“Then it is true? The Dragon Queen Soren has arisen? Juba was right? My brother wasn’t merely telling me a story to get me to come back home?” Edgar’s heart pounded in his chest. “Tribba! Salisa!” He turned his face behind him, fearing the dark clouds would have already obliterated the Western Hemisphere from sight.
The monk’s head jerked up at the mention of the Dragon Queen’s name. “What do you know of Soren?” He asked. Edgar detected something in the friar’s voice he could not quite put a finger on.
“Only what I’ve heard in legend.” Edgar decided to keep what little knowledge he had until he knew Friar Arch better. He may have already said too much.
“Legend?” The friar scoffed. “She’s no legend. She’s real. I’ve seen her myself.” A slight tremble followed the last of Friar Arch’s words and Edgar realized what it was. It was fear.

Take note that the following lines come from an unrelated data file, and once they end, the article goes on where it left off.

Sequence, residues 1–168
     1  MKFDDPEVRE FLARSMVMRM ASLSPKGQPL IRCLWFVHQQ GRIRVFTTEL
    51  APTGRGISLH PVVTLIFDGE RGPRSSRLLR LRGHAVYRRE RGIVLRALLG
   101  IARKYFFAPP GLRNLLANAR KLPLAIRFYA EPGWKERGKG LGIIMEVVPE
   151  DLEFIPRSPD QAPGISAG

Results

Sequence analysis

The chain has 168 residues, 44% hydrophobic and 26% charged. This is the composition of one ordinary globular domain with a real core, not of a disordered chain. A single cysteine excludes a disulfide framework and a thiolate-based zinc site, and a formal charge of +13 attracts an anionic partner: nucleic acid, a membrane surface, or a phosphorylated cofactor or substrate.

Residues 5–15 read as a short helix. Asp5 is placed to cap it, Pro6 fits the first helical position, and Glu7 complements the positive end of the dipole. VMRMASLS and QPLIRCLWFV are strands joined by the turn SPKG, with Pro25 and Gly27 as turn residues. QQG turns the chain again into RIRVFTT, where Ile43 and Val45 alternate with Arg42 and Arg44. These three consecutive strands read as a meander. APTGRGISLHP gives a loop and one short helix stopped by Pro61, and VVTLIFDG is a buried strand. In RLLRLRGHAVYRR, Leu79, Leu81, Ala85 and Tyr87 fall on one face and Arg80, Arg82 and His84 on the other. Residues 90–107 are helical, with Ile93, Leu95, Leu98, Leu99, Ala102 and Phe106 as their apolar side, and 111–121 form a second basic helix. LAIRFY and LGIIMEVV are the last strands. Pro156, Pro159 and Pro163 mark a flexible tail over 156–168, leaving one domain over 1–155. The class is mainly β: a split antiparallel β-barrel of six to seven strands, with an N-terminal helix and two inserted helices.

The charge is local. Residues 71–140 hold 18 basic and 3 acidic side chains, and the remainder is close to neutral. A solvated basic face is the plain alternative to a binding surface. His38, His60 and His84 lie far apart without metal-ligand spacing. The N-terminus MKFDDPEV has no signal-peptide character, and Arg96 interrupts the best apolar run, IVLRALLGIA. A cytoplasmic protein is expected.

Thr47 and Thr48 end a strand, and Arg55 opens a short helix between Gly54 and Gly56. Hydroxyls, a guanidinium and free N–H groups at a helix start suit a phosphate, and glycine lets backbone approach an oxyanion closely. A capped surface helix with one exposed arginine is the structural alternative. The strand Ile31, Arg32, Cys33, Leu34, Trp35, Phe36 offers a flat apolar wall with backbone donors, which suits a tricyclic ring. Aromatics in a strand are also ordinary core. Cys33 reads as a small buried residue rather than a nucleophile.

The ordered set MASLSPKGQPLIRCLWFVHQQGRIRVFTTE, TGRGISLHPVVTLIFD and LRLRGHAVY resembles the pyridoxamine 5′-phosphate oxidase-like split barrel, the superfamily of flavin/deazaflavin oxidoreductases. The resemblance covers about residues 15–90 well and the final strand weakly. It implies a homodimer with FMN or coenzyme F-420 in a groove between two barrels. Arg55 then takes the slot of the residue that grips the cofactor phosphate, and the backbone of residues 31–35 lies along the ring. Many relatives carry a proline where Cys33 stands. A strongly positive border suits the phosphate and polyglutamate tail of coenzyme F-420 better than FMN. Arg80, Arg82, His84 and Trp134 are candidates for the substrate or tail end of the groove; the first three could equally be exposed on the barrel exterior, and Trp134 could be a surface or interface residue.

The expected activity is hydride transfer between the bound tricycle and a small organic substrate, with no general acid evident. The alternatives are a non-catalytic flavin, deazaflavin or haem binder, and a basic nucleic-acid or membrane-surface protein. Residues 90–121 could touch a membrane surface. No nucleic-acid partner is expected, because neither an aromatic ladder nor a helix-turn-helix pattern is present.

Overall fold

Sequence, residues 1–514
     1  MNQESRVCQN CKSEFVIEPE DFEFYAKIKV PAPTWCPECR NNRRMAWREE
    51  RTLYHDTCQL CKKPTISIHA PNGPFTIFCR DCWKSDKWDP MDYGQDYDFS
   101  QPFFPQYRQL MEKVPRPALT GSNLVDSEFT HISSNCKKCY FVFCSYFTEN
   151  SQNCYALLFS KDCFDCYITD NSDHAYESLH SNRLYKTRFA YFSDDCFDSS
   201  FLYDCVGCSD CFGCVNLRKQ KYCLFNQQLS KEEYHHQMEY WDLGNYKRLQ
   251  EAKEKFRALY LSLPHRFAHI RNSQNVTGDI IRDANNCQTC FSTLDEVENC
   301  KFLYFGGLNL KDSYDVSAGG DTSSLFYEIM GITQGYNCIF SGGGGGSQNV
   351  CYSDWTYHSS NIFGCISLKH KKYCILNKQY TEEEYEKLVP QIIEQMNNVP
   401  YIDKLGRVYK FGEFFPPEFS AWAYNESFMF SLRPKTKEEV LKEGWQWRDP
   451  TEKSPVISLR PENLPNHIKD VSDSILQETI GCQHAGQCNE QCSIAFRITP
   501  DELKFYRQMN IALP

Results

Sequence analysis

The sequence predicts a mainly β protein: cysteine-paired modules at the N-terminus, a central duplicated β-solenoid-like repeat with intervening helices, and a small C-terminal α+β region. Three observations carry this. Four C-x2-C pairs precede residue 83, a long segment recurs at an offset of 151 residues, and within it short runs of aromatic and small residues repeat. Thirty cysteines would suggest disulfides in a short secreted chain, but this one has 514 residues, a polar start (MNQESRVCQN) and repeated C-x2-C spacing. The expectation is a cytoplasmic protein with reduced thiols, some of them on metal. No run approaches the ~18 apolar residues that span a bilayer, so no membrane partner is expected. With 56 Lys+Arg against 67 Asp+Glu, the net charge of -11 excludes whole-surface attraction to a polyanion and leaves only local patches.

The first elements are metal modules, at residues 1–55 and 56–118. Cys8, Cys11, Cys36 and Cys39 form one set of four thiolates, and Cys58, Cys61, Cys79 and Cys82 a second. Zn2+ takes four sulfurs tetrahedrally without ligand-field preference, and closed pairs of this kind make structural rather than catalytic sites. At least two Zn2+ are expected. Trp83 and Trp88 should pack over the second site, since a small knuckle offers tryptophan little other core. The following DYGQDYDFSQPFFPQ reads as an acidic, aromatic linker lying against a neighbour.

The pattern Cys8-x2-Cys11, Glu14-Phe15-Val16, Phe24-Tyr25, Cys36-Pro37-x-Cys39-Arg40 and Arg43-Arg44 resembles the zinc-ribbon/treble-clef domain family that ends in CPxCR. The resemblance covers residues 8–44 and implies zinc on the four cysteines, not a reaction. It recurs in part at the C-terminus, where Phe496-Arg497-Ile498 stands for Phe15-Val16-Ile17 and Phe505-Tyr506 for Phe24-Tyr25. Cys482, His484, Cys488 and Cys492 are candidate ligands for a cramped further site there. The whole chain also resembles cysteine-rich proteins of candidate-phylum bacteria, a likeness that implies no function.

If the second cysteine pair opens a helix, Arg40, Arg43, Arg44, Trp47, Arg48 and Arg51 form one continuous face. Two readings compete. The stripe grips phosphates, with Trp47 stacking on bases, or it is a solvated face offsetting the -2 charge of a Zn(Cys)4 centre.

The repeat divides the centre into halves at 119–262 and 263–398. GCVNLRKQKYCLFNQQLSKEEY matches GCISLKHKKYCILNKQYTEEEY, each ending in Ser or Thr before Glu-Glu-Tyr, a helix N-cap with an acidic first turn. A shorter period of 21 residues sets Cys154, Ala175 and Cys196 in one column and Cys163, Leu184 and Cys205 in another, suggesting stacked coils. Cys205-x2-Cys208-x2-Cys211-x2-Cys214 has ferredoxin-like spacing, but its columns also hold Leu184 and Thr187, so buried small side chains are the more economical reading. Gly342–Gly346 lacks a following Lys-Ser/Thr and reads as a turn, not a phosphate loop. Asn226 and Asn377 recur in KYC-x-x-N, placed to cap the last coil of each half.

The monk, despite his privileged position, was afraid of Soren and her minions. Of course he was! As much fear as the dragon Edgar had summoned produce within his own self, he could imagine what the Dragon Queen could evoke. He put his hand on the cart nearest the monk’s foot. He preferred to touch his shoulder, but it was out of reach. The monk seemed to understand Edgar’s intentions, however, as he nodded and raised his hand in acknowledgement. “Aye. She is worthy of every liter of fear I possess. She rose in plume of smoke, her minions appearing from within the trees themselves…